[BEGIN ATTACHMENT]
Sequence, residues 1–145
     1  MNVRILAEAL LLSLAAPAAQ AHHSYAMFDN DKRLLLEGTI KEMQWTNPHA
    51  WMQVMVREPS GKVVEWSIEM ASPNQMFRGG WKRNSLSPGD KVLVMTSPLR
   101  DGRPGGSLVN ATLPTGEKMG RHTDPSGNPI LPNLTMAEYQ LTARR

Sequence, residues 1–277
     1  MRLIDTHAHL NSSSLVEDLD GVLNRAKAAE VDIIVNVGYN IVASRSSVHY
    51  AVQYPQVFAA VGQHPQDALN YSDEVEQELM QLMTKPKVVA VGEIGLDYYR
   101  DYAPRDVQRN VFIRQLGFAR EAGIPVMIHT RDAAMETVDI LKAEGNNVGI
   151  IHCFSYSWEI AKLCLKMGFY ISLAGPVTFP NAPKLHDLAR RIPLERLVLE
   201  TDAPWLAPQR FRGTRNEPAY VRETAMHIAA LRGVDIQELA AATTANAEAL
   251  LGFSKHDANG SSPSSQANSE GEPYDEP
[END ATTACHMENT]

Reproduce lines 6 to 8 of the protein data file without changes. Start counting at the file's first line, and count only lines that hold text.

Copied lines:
     1  MRLIDTHAHL NSSSLVEDLD GVLNRAKAAE VDIIVNVGYN IVASRSSVHY
    51  AVQYPQVFAA VGQHPQDALN YSDEVEQELM QLMTKPKVVA VGEIGLDYYR
   101  DYAPRDVQRN VFIRQLGFAR EAGIPVMIHT RDAAMETVDI LKAEGNNVGI